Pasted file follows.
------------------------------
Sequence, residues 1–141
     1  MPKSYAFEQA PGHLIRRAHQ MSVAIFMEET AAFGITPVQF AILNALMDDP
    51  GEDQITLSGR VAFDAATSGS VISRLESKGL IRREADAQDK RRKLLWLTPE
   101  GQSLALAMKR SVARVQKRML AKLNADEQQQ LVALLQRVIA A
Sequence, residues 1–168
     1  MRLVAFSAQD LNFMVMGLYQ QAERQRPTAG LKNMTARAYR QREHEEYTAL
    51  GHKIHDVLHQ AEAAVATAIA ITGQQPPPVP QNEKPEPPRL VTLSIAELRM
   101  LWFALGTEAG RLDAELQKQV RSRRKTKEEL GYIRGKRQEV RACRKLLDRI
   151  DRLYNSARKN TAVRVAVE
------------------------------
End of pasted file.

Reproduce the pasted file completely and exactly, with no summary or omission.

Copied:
Sequence, residues 1–141
     1  MPKSYAFEQA PGHLIRRAHQ MSVAIFMEET AAFGITPVQF AILNALMDDP
    51  GEDQITLSGR VAFDAATSGS VISRLESKGL IRREADAQDK RRKLLWLTPE
   101  GQSLALAMKR SVARVQKRML AKLNADEQQQ LVALLQRVIA A
Sequence, residues 1–168
     1  MRLVAFSAQD LNFMVMGLYQ QAERQRPTAG LKNMTARAYR QREHEEYTAL
    51  GHKIHDVLHQ AEAAVATAIA ITGQQPPPVP QNEKPEPPRL VTLSIAELRM
   101  LWFALGTEAG RLDAELQKQV RSRRKTKEEL GYIRGKRQEV RACRKLLDRI
   151  DRLYNSARKN TAVRVAVE